SACRAMENTO, Calif. — Legislation to prevent psychotherapists from helping young clients diminish homosexual feelings or desires is rapidly making its way through the California Legislature.
Senate Bill 1172 would prohibit so-called “reparative” or “conversion” therapy for persons under age 18 and require adults who want to try the counseling to sign a release form stating the therapy is ineffective and possibly dangerous.
Introduced by State Sen. Ted Lieu, D-Torrance, S.B. 1172 is sponsored by Equality California, a San Francisco-based homosexual activist group.
“Sexual-orientation conversion ‘therapy’ isn’t just ineffective; it’s dangerous — even deadly,” said Rebekah Orr, a spokesperson with Equality California. “Adults who undergo these discredited treatments are at high risk of depression, self harm and suicide. For minors — often forced into these abusive treatments by well-meaning but misguided parents who are misled by unscrupulous therapists — those risks are even more pronounced.”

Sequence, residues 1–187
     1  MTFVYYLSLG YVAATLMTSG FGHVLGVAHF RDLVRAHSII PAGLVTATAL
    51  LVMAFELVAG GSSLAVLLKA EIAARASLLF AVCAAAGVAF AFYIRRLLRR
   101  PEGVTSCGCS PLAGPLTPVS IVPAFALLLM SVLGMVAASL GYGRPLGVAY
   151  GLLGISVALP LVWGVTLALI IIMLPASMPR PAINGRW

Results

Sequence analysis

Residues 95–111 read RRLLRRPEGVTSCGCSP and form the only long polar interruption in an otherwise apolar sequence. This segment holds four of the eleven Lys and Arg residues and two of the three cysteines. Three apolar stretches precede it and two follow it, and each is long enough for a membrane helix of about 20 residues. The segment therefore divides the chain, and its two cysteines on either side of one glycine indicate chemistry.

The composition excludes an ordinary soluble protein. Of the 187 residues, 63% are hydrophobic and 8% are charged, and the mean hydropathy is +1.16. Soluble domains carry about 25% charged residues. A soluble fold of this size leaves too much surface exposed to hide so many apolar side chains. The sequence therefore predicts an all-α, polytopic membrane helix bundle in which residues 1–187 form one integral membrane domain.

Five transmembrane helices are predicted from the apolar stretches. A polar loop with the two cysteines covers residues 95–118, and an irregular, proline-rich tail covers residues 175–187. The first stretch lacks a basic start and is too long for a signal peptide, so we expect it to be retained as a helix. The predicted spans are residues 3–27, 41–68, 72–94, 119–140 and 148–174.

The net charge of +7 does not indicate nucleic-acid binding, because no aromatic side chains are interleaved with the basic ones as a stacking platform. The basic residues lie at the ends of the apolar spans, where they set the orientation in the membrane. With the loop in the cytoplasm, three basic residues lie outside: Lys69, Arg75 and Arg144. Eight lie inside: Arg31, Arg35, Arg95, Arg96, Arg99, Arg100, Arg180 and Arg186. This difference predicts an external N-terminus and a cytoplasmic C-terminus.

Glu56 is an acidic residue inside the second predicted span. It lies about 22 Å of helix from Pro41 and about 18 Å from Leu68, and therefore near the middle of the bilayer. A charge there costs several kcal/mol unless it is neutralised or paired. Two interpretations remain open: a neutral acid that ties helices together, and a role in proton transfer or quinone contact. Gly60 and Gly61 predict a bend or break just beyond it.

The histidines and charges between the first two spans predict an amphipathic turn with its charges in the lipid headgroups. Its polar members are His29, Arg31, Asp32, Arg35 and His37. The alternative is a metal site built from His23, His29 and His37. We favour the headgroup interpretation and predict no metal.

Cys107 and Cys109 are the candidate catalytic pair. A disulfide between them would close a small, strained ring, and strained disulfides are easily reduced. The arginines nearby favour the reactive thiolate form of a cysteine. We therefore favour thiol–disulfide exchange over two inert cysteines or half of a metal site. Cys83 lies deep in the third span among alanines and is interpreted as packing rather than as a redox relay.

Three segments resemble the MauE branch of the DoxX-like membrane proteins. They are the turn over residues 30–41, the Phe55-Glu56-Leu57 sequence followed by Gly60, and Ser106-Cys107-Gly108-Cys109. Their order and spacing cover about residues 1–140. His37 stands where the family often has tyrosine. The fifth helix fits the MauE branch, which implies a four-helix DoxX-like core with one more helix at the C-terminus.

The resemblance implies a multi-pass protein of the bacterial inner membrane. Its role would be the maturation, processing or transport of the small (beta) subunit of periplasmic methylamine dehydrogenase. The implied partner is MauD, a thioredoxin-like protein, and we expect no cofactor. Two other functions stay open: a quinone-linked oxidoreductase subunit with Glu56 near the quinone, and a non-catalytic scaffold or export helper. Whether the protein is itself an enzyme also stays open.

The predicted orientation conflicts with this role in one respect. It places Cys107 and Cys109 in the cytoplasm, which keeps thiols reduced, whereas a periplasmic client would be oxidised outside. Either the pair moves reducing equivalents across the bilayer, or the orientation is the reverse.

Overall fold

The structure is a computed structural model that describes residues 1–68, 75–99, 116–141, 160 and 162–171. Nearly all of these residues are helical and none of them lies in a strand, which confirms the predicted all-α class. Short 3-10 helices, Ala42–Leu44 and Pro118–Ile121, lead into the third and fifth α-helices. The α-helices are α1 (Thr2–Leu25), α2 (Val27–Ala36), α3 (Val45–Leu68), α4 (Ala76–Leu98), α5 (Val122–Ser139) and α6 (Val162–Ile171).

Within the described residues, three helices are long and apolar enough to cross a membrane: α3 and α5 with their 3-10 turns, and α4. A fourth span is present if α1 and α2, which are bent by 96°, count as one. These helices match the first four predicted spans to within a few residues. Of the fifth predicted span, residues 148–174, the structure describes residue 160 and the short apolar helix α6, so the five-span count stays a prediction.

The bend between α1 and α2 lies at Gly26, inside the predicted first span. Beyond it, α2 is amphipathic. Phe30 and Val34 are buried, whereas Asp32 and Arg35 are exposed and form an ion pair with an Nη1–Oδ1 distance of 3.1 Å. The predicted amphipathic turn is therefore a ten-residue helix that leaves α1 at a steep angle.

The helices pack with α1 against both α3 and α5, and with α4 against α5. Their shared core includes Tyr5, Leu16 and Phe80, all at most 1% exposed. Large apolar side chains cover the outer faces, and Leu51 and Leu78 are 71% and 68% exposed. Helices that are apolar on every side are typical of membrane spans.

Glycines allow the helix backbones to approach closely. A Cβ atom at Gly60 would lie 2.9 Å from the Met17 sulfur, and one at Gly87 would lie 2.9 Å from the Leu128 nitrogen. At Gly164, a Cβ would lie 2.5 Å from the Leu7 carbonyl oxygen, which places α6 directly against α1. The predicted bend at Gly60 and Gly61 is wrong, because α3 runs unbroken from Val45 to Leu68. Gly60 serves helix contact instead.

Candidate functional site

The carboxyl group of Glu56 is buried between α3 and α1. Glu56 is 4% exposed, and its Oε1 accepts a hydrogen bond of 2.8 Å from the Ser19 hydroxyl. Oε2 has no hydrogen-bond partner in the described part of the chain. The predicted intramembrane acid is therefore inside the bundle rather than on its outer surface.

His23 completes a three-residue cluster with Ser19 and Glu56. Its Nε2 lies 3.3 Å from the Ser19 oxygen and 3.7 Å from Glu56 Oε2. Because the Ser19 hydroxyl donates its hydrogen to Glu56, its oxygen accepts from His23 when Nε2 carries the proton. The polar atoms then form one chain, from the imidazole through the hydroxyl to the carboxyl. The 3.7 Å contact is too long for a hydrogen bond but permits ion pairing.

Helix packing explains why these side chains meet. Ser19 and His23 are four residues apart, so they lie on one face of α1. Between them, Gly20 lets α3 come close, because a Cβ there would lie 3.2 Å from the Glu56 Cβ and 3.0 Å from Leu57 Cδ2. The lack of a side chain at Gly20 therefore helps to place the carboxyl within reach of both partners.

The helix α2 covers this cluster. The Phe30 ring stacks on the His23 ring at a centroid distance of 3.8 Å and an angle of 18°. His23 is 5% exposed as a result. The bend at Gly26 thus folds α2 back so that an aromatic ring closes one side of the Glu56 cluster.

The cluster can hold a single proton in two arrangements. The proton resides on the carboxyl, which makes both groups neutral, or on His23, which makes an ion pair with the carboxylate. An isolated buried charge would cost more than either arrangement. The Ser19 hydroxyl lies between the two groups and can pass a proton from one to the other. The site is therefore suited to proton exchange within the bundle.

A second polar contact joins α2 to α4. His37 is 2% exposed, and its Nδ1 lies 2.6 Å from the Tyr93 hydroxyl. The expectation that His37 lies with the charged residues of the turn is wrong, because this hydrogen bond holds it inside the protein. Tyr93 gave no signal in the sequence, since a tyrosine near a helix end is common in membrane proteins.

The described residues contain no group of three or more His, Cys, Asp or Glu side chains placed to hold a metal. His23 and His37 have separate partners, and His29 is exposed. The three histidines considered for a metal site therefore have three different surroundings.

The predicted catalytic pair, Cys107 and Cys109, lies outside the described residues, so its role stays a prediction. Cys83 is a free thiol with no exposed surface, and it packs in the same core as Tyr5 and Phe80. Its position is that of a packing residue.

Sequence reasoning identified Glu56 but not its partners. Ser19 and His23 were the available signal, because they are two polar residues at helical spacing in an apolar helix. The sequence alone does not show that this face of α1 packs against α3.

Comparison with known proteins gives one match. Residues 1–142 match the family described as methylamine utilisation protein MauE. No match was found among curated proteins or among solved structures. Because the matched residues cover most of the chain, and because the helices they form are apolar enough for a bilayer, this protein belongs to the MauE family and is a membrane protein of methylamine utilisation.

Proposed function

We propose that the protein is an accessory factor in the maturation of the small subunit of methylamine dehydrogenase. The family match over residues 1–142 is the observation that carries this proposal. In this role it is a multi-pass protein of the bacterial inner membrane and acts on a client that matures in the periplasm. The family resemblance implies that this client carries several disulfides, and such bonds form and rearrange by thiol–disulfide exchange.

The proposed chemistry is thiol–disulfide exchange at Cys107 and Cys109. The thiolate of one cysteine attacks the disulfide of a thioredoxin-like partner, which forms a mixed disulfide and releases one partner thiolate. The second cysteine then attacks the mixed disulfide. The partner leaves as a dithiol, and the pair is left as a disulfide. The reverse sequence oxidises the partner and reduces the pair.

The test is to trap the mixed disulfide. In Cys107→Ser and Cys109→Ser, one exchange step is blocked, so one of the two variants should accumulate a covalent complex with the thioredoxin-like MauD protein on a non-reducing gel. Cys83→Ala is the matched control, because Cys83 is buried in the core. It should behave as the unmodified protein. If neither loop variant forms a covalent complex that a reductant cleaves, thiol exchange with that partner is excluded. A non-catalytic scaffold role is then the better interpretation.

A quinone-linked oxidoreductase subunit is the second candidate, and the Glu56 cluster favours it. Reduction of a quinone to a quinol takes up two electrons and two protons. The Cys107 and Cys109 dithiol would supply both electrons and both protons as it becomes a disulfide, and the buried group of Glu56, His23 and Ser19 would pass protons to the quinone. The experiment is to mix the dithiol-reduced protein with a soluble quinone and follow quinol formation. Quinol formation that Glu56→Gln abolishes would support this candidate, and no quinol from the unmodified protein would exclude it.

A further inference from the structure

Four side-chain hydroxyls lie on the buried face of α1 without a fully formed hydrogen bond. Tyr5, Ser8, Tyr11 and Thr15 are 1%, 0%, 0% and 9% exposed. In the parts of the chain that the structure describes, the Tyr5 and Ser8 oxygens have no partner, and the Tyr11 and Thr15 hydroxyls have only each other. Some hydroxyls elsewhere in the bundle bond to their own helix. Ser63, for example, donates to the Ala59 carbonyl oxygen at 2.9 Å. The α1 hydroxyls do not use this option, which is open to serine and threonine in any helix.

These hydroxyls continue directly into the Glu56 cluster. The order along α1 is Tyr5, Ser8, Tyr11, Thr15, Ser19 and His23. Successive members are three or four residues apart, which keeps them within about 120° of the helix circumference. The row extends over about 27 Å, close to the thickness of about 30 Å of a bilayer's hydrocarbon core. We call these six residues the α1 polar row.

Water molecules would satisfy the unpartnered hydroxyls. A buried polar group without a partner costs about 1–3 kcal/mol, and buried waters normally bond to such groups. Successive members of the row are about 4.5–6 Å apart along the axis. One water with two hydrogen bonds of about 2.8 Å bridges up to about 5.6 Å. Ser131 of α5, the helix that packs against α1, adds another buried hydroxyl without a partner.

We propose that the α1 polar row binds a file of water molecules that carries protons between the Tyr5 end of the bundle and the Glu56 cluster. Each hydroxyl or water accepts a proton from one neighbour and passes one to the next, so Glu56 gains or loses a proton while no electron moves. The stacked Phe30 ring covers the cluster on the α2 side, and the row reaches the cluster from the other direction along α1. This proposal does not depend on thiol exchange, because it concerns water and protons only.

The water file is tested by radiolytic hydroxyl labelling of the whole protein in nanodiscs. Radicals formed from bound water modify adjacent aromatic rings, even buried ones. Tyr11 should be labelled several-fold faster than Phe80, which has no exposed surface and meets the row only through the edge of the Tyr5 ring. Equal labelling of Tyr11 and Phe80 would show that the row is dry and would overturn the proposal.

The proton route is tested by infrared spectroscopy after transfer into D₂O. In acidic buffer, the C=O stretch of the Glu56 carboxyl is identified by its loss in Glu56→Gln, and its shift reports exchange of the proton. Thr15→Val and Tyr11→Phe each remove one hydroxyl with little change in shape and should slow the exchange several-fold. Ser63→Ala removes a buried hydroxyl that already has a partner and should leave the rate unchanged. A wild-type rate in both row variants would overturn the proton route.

Wayne Besen, executive director of a group called Truth Wins Out, which fights what it calls “anti-gay extremism,” said reparative therapy “is just consumer fraud designed to enrich people at the expense of the mental health of others, and certainly nobody under 18 should get anywhere near that, because there’s coercion involved by its very nature. We’ve got parents trying to tell kids, ‘You don’t change, we won’t pay for your college.’ It’s very manipulative.”
“Gays become very angry at the term ‘reparative therapy’ as if someone will try to repair or fix them,” said clinical psychologist Joseph Nicolosi, who heads the Thomas Aquinas Psychological Clinic in Encino, Calif. “In fact, our clients find the term consoling since it says, in essence: your behavior does not make you ‘weird, a degenerate or a pervert.’ Rather, your homosexual behavior is your attempt to repair what you did not get as a child, but it doesn't work. We can show you other ways to fulfill your emotional needs."
Robert Spitzer, considered the father of modern psychiatry, recently recanted a study that supported the use of reparative therapy for same-sex attracted persons who are highly motivated to change.